Rose just guided the Bulls to an NBA-best 62-20 record and their first trip to the conference finals since 1998. Rose has guided the Bulls to their most successful seasons since the Michael Jordan era.
The current MVP is coming off an incredible season in which he averaged 25 points, 8 assists, and 4 rebounds while displaying incredible offensive prowess, with his drives and crossover being the best aspects of his game.
Rose, who just turned 23 years old, may very easily end up among the top 10 point guards of all time if he keeps getting better.
42. Kenny Smith
Kenny Smith, a former point guard for the Houston Rockets, helped the team win two titles in a row during a time when every team was aiming to contend for a championship after Michael Jordan’s death. He is currently a TNT analyst, who we all miss terribly right now.
Smith would average four assists a season in both championship seasons and convert on 48% of his shots to help the Rockets in their back-to-back championship victories when paired with players like Hakeem Olajuwon and Clyde Drexler during one of those seasons.
After spending time with Sacramento and Atlanta the previous season, Smith would set new career highs with Houston, averaging 18 points and seven assists in his debut season with the Rockets.
41. Mark Jackson
Mark Jackson was never an anomaly in the data. In actuality, he never scored more than 15 points per game, and over the course of his career, he only shot the field at an average of 45% and the 3-point arc at 32%.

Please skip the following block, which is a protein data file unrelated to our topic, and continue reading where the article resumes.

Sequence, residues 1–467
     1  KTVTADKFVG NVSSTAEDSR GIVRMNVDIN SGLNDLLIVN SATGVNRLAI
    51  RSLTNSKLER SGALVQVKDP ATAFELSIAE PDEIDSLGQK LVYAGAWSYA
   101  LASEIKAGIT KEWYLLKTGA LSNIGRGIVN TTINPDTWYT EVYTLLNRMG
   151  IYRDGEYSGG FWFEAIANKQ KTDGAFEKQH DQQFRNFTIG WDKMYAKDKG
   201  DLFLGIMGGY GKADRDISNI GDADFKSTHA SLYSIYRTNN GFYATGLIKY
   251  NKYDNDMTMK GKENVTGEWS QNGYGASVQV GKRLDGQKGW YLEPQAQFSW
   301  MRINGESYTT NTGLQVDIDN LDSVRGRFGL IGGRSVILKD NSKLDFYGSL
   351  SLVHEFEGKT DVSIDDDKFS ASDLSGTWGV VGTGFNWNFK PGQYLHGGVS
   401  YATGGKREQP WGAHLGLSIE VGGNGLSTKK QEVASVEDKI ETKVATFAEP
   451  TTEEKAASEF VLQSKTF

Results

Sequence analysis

Jackson stood out from many other point guards because of his capacity to manage an attack well and keep his turnovers to a minimum.
Jackson averaged more than eight assists per game throughout his career, but he only committed two turnovers per game overall and just three times overall, with two of those seasons occurring in his first two NBA seasons.
Although Jackson wasn’t much of a scorer, he was a superb passer and led the league in assists per game in 1997, averaging 11 in his time with the Denver Nuggets and Indiana Pacers.
40. Terry Porter
Terry Porter, a brilliant point guard who teamed up with explosive scorer Clyde Drexler to form quite the combination, helped the Portland Trail Blazers during a few championship runs.
In the first six years of his career, Porter set the pace for an elite Blazers team that was strong on both sides of the ball, averaging up to 10 assists per game and at least eight assists per game for five straight seasons.
For eight straight seasons, he would score more than 13 points on average, with his career-high coming in 1993 when he scored almost 19 points per game.
Porter only placed among the top 10 in the MVP voting, coming in ninth place in 1991.
Also read: best college basketball players
39. Mike Conley